Kaplan and Winther note that Edwards is in fact correct, even as Lewontin’s argument still holds true. They note, for instance, that Edwards’s conclusions do not imply that racial categories are the most basic level of human distinction. But one merely needs to look at Dawkins’s objection to Edwards’s dismissal of racial taxonomy as ‘non-salient’ to see that Edwards was not arguing for a basic human distinction to begin with. The issue, then, is less with Kaplan and Winther than it is the way that opponents of race might latch on their critique as a critique of Edwards, himself, which – by not dealing with his real point – cannot even be a genuine criticism. It is merely a distillation of Edwards’s own beliefs on an unrelated topic. Jonathan Marks and several other anthropologists are likewise quoted as if in response to Edwards, even though, again, they are simply shedding light on the claims’ surrounds, and not engaging with the claims as written.

Reading further, Dorothy Roberts throws out a series of red herrings meant to distract one from the argument. It is strange, indeed, to read any number of correct claims, from the thinness of purely racial variation in terms of total genetic makeup, to her assertion that no racial group has an exclusive claim on a genetic marker, as if any of this has anything to do with what’s under discussion. The question Edwards addressed was NOT whether it makes good taxonomic sense to categorize people into races, but whether we can. The answer, of course, is that we can, and do, even if one could then (and only then) argue that it is a non-salient method of categorization.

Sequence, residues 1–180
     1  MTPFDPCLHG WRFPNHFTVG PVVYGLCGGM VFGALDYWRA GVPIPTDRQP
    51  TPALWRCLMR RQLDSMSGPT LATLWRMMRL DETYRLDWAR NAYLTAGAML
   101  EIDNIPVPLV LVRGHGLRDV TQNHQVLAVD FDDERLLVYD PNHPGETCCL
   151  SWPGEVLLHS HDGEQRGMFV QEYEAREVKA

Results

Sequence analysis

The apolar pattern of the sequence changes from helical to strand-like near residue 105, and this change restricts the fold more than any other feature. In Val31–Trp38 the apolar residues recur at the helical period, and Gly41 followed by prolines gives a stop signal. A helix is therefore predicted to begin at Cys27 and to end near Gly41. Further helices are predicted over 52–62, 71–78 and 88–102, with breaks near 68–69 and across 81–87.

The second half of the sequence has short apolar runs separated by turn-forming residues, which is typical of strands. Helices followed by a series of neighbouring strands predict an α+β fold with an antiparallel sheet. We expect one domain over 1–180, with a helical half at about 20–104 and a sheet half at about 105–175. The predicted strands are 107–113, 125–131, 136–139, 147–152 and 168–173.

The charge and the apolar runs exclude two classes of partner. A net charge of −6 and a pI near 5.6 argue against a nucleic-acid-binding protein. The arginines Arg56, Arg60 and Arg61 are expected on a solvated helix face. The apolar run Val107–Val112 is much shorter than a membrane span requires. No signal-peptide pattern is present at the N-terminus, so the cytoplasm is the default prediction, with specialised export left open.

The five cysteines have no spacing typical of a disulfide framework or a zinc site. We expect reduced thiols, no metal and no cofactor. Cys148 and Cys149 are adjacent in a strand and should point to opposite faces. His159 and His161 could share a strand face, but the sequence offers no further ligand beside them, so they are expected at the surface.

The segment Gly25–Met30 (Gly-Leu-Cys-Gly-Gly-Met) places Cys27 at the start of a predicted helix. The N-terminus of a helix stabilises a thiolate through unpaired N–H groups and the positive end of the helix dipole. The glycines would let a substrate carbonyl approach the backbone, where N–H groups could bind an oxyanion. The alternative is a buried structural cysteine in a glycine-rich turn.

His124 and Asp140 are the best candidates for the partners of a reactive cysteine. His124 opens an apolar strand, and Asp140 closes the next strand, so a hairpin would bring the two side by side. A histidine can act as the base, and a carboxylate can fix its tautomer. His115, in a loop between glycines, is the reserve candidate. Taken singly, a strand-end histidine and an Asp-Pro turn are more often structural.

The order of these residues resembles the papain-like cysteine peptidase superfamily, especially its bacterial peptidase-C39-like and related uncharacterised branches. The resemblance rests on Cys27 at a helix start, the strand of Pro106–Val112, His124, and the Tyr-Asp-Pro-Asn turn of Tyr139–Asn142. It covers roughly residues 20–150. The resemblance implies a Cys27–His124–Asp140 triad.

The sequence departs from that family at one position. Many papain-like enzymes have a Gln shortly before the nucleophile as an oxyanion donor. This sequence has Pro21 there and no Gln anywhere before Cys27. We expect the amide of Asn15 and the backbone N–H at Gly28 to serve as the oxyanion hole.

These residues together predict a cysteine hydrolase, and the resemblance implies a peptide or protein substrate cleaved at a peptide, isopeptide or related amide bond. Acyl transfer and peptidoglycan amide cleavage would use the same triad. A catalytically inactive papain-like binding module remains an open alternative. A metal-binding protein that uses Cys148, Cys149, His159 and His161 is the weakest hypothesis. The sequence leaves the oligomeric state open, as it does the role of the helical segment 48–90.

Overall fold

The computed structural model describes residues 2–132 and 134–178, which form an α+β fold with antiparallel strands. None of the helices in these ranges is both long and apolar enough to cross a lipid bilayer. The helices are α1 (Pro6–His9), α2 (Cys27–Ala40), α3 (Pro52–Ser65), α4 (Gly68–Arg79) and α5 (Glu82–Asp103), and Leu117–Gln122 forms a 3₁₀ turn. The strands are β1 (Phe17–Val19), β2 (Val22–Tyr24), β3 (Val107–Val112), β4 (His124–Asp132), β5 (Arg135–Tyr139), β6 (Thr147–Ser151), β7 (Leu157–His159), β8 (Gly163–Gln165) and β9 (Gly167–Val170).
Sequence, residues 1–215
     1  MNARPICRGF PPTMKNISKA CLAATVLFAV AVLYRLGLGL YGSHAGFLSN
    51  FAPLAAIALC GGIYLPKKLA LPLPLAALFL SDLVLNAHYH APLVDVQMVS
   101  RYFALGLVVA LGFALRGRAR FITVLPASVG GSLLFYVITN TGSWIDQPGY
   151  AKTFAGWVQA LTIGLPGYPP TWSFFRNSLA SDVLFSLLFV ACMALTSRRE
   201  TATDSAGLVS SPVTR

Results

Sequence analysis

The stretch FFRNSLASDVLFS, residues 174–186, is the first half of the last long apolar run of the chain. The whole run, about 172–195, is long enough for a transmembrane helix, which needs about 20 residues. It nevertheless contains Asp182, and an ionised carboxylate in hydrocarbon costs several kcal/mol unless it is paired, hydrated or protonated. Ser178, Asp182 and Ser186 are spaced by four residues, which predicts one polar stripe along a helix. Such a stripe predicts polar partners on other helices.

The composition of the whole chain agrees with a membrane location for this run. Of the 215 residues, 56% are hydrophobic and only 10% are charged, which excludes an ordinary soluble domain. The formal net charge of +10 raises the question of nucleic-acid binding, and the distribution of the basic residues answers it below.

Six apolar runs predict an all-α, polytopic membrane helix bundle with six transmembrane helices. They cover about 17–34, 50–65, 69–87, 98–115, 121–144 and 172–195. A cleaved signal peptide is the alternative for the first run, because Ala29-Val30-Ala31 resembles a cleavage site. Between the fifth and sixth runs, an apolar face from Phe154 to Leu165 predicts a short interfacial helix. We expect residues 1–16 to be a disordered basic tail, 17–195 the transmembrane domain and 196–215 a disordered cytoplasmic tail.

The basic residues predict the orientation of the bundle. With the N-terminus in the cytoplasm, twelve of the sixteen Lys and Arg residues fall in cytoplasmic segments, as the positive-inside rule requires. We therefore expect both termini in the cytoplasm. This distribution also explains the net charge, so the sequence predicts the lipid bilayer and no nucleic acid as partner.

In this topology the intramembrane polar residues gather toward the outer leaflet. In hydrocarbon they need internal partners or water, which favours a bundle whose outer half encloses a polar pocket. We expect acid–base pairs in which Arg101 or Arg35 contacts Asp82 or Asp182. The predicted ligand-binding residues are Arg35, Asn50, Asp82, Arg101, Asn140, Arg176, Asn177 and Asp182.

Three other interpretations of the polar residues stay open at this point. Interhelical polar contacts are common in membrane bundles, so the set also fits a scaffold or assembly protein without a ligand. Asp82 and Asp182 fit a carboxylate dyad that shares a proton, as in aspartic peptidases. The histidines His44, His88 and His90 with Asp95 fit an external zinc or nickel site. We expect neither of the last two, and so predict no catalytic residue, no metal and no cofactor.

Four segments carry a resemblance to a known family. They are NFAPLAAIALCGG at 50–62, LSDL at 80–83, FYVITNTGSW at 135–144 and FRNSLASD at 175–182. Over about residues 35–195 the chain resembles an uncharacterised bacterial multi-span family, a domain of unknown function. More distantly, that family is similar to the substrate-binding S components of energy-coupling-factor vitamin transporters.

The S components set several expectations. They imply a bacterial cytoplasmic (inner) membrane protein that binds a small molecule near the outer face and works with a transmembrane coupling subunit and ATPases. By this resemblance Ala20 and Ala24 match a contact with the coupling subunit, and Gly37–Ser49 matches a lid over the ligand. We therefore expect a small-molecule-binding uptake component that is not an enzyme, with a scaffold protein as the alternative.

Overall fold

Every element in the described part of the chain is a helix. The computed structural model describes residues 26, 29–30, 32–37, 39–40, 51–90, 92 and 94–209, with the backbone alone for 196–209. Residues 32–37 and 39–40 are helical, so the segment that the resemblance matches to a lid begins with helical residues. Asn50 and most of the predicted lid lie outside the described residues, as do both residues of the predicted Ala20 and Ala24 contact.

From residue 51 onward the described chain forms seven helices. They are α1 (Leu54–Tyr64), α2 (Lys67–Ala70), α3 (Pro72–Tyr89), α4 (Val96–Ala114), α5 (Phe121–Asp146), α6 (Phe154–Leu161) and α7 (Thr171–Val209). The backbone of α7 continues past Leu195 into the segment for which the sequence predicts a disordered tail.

In other words, we are getting a lot of uncomfortable circling about the issue, and yet, I am not exactly sure why it must be at all uncomfortable. To say ‘Edwards is right, but…’ implies that Edwards’s argument cannot, as stated, be consistent with a liberal position on race. This is simply untrue, as I’ve already pointed out, and a misunderstanding of both liberalism and science.